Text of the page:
By Naval Craft
By Naval Craft
On 25 November 1941 a caique officered by the Navy and manned by commandos rescued 86 soldiers from Crete. There were 28 New Zealanders in the party.page 500
Soldiers came to Staff-Sergeant W. G. Penney (17 LAD) in the prison camp at Galatas and talked over their escape plans with him. Penney himself was keen to escape but first he had to help his comrades. His self-imposed task of escape organiser came to an end and then he was free to go himself. He and three other New Zealanders hid in a cart carrying wood from Galatas to the hospital. They got clear of the camp but the three others were captured soon afterwards in a wineshop.
Penney's life now was just like that of the rest of the escaped soldiers on Crete, moving from village to village and hoping to find a way off the island. He was in the party of 140 hiding in the rocks at Treis Ekklisies (Three Churches) waiting for the boat that never turned up.1 After this he and eight New Zealanders moved around the country as a party.
The other men also had hard and varying experiences and all had to endure the bitter winter in the hills. One had escaped from the last lot of prisoners to be moved from Galatas camp for shipment to Italy. Another was captured three times before making his final escape on Christmas Eve 1941.
In May 1942 they stole a boat and were picked up by a naval patrol vessel out at sea. They were landed at Bardia on 25 May. Penney was awarded the MM.
Sergeant D. Nicholls (4 RMT) was free in Crete for two years. On his return to Egypt in June 1943 he became a special service agent and worked in the Balkans and Italy. Nicholls was mentioned in despatches.
The people in the second village where Drivers W. H. Swinburne and F. P. H. McCoy (both Div Pet Coy) stayed became very nervous when the Germans started rounding up escaped soldiers and wanted them to move on. A polite but pointed eviction notice was served on the two New Zealanders and also on an Australian. The local policeman escorted them to the boundary, and apologising for his action, shook hands and wished them a successful escape. At the next stop McCoy became ill with jaundice and had to give himself up for treatment. The other two joined four British soldiers who had news of a coming boat. One was a doctor, an elderly man failing badly in health, and it was clear he had not long to live. He rode on a donkey and was cared for by a batman. After a break of a few weeks during which the doctor died, the party worked its way east across the Mesara Plain and eventually went down the coast to Treis Ekklisies.page 501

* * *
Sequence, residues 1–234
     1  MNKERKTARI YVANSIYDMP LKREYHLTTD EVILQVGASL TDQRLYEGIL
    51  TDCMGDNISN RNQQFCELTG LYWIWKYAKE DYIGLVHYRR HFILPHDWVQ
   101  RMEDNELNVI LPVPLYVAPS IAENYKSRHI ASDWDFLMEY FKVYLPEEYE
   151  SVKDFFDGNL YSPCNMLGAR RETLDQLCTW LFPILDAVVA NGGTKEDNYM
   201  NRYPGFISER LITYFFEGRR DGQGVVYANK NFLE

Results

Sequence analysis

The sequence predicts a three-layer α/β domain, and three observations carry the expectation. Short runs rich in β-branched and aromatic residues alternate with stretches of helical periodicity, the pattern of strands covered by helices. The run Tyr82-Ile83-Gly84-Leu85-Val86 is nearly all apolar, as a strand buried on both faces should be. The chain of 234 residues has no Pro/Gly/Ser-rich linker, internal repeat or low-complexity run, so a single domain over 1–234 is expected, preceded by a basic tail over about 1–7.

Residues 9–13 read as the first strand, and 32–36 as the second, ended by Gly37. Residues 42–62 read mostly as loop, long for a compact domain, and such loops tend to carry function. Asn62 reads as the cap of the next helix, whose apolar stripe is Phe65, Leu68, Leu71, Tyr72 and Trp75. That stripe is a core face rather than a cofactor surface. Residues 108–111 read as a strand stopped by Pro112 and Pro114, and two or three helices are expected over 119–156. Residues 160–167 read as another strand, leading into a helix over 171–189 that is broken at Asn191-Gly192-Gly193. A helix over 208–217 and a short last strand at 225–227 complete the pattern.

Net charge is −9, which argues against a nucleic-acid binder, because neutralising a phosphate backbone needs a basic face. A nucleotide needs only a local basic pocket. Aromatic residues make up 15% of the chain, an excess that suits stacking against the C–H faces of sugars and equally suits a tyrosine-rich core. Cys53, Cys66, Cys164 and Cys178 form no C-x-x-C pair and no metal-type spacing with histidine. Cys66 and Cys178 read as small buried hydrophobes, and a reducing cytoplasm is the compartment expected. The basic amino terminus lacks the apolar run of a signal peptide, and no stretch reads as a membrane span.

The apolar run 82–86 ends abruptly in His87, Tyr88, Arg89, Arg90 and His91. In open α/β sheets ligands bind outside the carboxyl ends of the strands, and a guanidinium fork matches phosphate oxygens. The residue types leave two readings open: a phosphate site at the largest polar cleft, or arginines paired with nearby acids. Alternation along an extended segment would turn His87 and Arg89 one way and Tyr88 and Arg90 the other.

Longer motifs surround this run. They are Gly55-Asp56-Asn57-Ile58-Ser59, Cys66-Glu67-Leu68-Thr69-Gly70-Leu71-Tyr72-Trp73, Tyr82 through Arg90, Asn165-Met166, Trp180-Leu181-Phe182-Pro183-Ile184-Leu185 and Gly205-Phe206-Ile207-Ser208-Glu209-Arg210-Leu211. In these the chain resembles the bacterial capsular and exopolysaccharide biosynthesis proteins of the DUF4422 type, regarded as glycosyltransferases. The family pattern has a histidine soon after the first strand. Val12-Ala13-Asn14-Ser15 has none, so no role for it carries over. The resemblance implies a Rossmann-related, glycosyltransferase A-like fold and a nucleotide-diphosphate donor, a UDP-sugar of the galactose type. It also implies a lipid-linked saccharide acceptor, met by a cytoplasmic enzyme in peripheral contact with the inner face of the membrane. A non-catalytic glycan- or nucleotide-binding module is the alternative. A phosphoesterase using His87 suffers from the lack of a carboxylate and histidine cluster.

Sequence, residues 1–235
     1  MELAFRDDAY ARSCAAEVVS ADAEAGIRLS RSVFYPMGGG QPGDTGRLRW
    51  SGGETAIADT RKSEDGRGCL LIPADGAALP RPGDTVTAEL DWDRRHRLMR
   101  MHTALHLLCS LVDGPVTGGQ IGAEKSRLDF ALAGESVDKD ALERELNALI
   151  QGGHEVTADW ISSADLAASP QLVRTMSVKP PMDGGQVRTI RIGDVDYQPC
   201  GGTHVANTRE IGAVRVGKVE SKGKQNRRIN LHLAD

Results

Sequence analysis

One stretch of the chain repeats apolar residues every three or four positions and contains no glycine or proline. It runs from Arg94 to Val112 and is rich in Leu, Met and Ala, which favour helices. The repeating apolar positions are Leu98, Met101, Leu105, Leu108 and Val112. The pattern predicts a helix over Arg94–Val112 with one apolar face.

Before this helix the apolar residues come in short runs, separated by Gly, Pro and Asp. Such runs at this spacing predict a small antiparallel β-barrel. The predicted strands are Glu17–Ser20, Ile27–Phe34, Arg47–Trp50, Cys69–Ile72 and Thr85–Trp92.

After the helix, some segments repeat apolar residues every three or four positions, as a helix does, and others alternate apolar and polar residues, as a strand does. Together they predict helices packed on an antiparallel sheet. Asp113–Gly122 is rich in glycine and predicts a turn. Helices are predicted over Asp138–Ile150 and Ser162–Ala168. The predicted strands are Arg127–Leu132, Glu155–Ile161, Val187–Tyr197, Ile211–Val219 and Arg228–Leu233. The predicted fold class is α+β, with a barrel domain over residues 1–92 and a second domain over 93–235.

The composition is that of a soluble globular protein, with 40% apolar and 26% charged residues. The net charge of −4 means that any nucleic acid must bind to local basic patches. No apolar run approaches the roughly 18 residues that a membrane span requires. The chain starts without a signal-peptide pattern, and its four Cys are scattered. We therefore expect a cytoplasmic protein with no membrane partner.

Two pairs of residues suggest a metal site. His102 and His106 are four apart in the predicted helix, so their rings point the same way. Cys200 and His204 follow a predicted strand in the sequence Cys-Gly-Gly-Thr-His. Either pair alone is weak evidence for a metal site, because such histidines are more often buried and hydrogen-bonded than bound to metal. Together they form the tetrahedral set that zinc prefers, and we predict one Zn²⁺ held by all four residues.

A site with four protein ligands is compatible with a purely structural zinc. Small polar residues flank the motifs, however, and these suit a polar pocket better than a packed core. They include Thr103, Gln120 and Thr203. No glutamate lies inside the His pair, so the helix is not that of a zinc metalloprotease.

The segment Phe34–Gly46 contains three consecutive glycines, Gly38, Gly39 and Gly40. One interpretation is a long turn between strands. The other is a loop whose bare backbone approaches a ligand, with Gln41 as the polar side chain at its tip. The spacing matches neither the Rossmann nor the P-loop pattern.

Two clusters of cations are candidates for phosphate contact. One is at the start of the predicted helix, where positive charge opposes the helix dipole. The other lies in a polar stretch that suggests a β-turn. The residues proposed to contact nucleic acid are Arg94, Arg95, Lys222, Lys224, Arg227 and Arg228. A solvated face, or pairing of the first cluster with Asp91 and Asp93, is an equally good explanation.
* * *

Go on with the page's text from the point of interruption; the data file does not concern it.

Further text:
The second day at Treis Ekklisies, a hundred and more escaped soldiers arrived under a guerrilla escort. Here a British agent, Captain ‘Monty’, had fixed a rendezvous for a boat to pick them up early in January 1942, but bad weather and leakage of the news resulted in the evacuation being called off. In the sorting of the men into travelling parties Swinburne had a Scotsman as a companion. The two went north and settled in the village of Episkopi Pediada, about 20 miles from Heraklion, where a small group of families looked after them until September 1942. Traitors informed on the Scotsman, and the police, great friends of the two, though much distressed were obliged to arrest him. Swinburne, living in another house, was warned in time to get away.
For the next nine months Swinburne and an Australian hid in caves near a river on the south coast. Again a few families in the neighbourhood made themselves responsible for their welfare. In May 1943 the two walked east to the headquarters of a guerrilla band in the Lasithi Mountains. They became members, and although there was no fighting at the time, they did their share of guards, patrols and other work.
At the end of August 1943 Swinburne and 20 others, mostly Greeks, left Crete in a motor torpedo boat early one morning. At six that evening Swinburne was safe in Mersa Matruh.